Written by JULIAN WALTER – Marketing Specialist at ExJewel (GERMANY, INDIA)
A pair of heart-shaped gold studs equals about 31kgs of CO2 emissions – that is about 200km ride with a compact-class car! The same product in platinum triples the carbon footprint, however, silver studs only produce around 1.2kgs of carbon emissions. This statistic reveals the surprisingly high carbon footprint of the jewelry, mainly due to its carbon-intensive production cycle.
The carbon impact of jewelry
Starting with clearing the land to access valuable gemstones, diamonds and precious metals often go along with the destruction of ecosystems, especially with open-cut mines. What follows is actually mining the stones and metals, which again generates carbon. Clearing and mining accounts, that is the acquisition of the raw material, account for about 95% of the overall carbon footprint. The production process itself, that is forming the raw material to jewelry, accounts for only about 5% of the carbon footprint.
The example above gives a hint that the carbon footprint of jewelry depends on the raw material that is used. Silver is thereby of the precious metals by far the one with the lowest carbon footprint: one tonne of silver produces 520 tonnes of CO2, for gold the ratio is 1:38,100 and for platinum, it is 1:77,000.
Carbon savings through technology can be huge
Although the overall footprint of the jewelry industry is relatively small compared to e.g. the energy sector, however, if one truly wants to reduce climate change one has optimized across every sector. There are two broad ways two reduce the carbon footprint of jewelry, even in the short-term: either by reducing the overall consumption of newly produced jewelry or by recycling existing jewelry.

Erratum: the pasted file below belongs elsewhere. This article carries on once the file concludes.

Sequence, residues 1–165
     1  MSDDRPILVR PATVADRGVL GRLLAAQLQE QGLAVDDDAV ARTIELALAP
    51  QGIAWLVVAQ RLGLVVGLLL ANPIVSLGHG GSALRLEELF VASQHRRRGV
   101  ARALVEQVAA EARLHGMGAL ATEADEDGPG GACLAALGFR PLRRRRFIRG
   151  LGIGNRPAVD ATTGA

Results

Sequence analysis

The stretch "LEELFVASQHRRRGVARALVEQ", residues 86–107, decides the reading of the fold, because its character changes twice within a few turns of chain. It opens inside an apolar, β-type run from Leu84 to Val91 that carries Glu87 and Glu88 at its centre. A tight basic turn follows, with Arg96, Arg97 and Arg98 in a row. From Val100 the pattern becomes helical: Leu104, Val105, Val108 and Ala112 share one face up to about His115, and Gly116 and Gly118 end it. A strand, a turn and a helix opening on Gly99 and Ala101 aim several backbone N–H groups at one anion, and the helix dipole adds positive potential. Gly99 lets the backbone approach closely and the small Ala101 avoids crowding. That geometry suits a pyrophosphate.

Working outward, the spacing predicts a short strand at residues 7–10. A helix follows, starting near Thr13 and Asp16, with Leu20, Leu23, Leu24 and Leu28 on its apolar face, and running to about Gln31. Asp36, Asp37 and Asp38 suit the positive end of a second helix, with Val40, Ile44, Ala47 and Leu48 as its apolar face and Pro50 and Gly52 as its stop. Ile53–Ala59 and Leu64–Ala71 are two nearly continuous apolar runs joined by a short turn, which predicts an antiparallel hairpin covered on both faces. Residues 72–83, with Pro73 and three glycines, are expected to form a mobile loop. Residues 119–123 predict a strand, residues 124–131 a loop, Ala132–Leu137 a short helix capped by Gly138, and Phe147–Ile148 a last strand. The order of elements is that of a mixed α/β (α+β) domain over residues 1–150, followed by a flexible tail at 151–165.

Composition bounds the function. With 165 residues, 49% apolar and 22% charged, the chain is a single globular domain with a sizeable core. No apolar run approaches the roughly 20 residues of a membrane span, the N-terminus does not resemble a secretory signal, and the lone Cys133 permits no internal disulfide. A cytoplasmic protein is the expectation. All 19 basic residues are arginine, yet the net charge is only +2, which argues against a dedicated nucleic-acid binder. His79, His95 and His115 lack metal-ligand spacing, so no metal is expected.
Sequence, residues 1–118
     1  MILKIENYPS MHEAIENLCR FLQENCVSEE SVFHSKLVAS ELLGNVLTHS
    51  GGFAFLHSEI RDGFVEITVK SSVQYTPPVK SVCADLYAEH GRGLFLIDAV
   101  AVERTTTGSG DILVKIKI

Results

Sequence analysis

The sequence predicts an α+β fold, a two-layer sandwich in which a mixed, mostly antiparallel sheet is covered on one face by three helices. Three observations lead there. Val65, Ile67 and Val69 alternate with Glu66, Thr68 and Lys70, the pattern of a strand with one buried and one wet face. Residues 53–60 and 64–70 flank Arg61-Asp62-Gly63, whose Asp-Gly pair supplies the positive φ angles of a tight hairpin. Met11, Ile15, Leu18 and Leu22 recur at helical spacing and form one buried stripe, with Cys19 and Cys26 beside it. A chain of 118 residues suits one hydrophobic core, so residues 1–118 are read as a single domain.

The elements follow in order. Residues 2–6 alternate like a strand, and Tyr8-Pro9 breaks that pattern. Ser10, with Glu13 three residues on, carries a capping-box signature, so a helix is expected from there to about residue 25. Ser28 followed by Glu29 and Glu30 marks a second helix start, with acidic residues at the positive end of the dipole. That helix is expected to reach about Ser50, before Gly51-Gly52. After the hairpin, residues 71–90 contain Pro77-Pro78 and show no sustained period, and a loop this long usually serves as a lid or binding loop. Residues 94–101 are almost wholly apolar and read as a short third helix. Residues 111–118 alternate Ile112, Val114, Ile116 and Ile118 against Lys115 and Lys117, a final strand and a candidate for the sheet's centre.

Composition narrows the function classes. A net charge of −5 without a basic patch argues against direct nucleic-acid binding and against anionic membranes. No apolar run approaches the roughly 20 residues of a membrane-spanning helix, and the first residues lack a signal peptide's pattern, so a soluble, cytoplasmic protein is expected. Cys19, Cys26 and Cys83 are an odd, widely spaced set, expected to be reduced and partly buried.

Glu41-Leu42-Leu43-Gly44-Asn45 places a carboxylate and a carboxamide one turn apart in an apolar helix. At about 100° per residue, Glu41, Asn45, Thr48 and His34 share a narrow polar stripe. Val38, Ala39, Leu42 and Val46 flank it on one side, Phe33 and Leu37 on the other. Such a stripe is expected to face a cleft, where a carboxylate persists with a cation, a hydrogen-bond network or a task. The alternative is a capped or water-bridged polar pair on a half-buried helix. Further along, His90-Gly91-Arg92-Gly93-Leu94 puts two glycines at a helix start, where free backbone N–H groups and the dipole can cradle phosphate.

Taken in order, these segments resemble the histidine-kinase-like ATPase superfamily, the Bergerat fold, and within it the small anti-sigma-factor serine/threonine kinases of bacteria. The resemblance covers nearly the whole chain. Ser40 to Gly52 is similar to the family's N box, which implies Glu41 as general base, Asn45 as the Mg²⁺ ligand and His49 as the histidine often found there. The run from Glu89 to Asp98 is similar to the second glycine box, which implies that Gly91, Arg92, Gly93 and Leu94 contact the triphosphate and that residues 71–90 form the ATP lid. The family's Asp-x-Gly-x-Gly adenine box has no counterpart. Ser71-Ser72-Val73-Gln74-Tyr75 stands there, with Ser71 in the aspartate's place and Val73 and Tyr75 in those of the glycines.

One can reduce the consumption of newly produced jewelry by more efficiently allocating existing jewelry to consumers. Consumers thereby rely on the offerings by retailers, and the portfolio of retailers again order from producers. However, technology can add another variable into the equation: retailers do not only have to buy from jewelry producers and by doing that increasing the carbon footprint but can also buy and sell existing jewelry on a platform with other merchants, thus very effectively reducing carbon emissions.
The Paris-based Startup “ExJewel” is about to provide a technical solution to retailers and merchants with a platform launch at the beginning of 2020, that allows not only to almost instantly digitally assess the prices of their jewelry inventory, but also establishes a digital marketplace in a B2B context. “I witnessed the enormous extent of the environmental impact of stone and metal mining during my travels in South-East Asia, Africa and the US, often also due to very lash environmental standards. Jewelry in all of its forms are extensively produced, however, its allocation is often inefficient, also because of limited digitalization. What we need is a more efficient allocation through platform technology” says founder Stephane Boghossian.
read more on ExJewel’s sustainability report
Buying used jewelry also falls in the consumer trend of “slow fashion”, that is appreciating the value of already existing jewelry and resisting the often poor quality, short-living and environmentally dubious products of the “fast fashion” industry. As the current fires in Australia, one of largest metal producers in the world, show: a trend to more environmentally conscious consumption across all sectors is long overdue and requires not only a change in the consumer mindset but also the technology to implement it.
Usapein, Parnuwat & Tongcumpou, Chantra. (2016). Greenhouse Gas Emission in Jewelry Industry: A Case Study of Silver Flat Ring. Applied Environmental Research. 38. 11-17. 10.14456/aer.2016.2.